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The Tightening Circle

By Alan Sears posted on:
October 17, 2017

So … where exactly is it still okay for Christians to be Christians?

At work? 

Not in Salem, Virginia, where the U.S. Department of Veterans Affairs medical center recently presented its employees with a memo explaining that they are only “permitted to engage in private religious expression in their personal work areas that are not regularly open to the public.” The memo’s a little vague on whether employees will be punished if their personal enthusiasms extend to Christmas decorations or even “merry Christmas” greetings to veterans in more public parts of the hospital.

This is actually a small step back for the VA, who last year tried to ban Christmas trees from the hospital, unless they were accompanied by other symbols of the season. Enough employees complained about that policy to get the elbow room conceded by this year’s memo … but officials still haven’t clarified the agency’s position on religious expression. So, last month, Alliance Defending Freedom attorneys sent the VA a letter reminding them of the Constitution’s protections for those wanting to live out their faith.

“It’s ridiculous that people have to think twice about whether it’s okay to celebrate Christmas as Christmas, rather than some watered-down winter holiday,” says ADF Senior Counsel Erik Stanley. “The courts have never ruled that government employees must hide any hint of religious expression,” but “have clearly stated that any such requirement demonstrates an unconstitutional hostility toward religion. If government bureaucrats are afraid of causing offense, they should realize that rules like this offend both the First Amendment and the overwhelming majority of Americans, 95 percent of whom celebrate Christmas.”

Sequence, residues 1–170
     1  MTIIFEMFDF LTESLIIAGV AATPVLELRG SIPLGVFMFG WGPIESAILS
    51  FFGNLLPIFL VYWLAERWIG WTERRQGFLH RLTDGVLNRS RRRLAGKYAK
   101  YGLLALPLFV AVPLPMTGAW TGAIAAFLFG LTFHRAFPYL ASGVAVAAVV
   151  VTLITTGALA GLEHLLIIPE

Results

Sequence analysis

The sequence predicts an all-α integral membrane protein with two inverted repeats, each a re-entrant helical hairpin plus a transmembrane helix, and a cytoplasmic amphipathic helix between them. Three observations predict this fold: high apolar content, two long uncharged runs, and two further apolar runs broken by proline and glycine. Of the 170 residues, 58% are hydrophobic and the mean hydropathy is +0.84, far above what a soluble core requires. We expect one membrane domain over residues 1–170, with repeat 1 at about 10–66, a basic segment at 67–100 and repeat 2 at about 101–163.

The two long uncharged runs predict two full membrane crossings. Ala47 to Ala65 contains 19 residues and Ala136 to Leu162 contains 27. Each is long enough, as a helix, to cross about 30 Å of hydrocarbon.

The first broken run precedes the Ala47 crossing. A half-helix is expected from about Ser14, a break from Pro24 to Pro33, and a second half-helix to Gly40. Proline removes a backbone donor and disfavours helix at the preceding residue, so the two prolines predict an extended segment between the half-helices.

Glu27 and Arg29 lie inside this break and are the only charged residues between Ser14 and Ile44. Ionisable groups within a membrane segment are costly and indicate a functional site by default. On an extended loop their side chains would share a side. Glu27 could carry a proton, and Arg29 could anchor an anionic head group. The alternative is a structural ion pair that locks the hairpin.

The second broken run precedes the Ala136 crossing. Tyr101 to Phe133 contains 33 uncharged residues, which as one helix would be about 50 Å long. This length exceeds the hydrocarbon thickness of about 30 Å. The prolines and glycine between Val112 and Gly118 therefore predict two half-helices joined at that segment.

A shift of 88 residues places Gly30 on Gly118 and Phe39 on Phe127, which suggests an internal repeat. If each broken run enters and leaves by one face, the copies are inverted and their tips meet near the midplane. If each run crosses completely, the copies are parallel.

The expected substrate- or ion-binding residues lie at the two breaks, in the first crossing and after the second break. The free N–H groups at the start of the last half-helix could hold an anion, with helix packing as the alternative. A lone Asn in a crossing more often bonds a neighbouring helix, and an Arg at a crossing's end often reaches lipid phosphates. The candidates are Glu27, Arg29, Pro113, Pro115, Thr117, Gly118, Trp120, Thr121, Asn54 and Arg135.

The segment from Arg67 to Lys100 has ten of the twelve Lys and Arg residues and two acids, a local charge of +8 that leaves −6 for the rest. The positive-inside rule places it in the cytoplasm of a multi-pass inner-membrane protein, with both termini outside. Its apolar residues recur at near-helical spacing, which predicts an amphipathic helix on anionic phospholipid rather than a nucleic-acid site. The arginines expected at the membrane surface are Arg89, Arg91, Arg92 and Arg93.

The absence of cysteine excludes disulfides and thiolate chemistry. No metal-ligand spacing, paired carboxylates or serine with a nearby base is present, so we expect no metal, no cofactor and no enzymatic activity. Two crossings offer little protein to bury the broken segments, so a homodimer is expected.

At home? 

Not in Schaghticoke, New York, where Robert and Cynthia Gifford built a barn on their farm, live in it with their family, and have, from time to time, hosted and coordinated weddings in their backyard and on the building’s first floor.

You can probably guess the rest of the story. Three years ago, a woman inquired about using their facilities for her same-sex ceremony. Based on her faith-based views on marriage, Cynthia politely declined to host and coordinate the ceremony but is happy to host other events for the couple—including their wedding reception. Not good enough. The woman and her partner filed a complaint with the state’s Division of Human Rights (DHR), which pronounced the Giffords guilty of “sexual orientation discrimination,” fined them $10,000 (plus $3,000 in damages) and ordered them to take re-education training classes to reprogram their religious beliefs.

ADF attorneys have appealed that decision on behalf of the Giffords, pointing out in their initial brief that the DHR didn’t even take into account the family’s constitutional freedoms and religious beliefs.